Data allowing for a complete environmental risk assessment of pharmaceuticals and their photoderatives in the environment are still scarce. In the present study, in vitro toxicity and both bio- and photopersistence of various pharmaceuticals (aciclovir, allopurinol, cetirizine, cimetidine, fluconazole, hydrochlorothiazide, lisinopril, phenytoin, primidone, ranitidine, sotalol, sulpiride, tramadol and valsartane) as well as their phototransformation products were evaluated in order to fill data gaps and to help prioritise them for further testing. Twelve out of the fourteen compounds investigated were found to be neither readily nor inherently biodegradable in the Organisation of Economic Cooperation and Development-biodegradability tests. The study further demonstrates that the photo-induced transformation of the pharmaceuticals was faster upon irradiation with a Hg lamp (UV light) than with a Xe lamp emitting a spectrum that mimics sunlight. Comparing the non-irradiated with the respective irradiated solutions, a higher acute and chronic toxicity against bacteria was found for the irradiated solutions of seven compounds (cetirizine, cimetidine, hydrochlorothiazide, ranitidine, sulpiride, tramadol and valsartane). No cyto- and genotoxic effects were found in human cervical (HeLa) and liver (Hep-G2) cells for any of the investigated compounds or their phototransformation products. This comparative study documents that phototransformation products can arise as a result of UV treatment of wastewater containing these pharmaceuticals. It further demonstrates that some phototransformation products may have a higher environmental risk potential than the respective parent compounds because some phototransformation products exhibited a higher bacterial toxicity.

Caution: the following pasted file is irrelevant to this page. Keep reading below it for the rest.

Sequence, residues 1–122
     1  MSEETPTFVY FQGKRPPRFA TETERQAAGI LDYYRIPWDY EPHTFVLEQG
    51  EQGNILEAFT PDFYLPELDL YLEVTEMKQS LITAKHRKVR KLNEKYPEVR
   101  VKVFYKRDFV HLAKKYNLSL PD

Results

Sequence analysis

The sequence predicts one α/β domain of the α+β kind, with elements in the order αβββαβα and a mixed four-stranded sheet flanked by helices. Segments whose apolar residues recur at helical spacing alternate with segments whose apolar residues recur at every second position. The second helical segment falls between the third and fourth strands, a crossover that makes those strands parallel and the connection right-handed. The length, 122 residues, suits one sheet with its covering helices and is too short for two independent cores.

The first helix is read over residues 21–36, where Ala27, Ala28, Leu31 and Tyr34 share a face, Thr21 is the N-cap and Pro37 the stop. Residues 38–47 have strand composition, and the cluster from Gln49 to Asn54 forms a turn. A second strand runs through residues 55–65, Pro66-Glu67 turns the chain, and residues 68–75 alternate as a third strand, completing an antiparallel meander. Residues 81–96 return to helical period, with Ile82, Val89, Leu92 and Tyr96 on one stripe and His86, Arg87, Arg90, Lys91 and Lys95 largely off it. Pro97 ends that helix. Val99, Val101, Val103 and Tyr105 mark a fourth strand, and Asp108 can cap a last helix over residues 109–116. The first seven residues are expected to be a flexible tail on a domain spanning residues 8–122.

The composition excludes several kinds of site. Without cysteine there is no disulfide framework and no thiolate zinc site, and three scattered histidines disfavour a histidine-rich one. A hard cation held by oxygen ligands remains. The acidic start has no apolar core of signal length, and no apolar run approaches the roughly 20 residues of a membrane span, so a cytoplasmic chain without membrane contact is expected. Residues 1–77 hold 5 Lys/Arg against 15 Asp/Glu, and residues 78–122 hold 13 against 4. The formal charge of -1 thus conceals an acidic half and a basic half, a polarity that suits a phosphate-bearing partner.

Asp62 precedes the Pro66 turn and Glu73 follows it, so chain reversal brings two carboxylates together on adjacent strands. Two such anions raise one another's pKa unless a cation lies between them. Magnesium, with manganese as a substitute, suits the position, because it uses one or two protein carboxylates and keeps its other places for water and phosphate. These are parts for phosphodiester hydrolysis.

• Publication
    Surface Crystal Chemistry of Phyllosilicates Using X-Ray Photoelectron Spectroscopy: A Review
    (2016-10-01) Elmi, Chiara; Guggenheim, Stephen; Gieré, Reto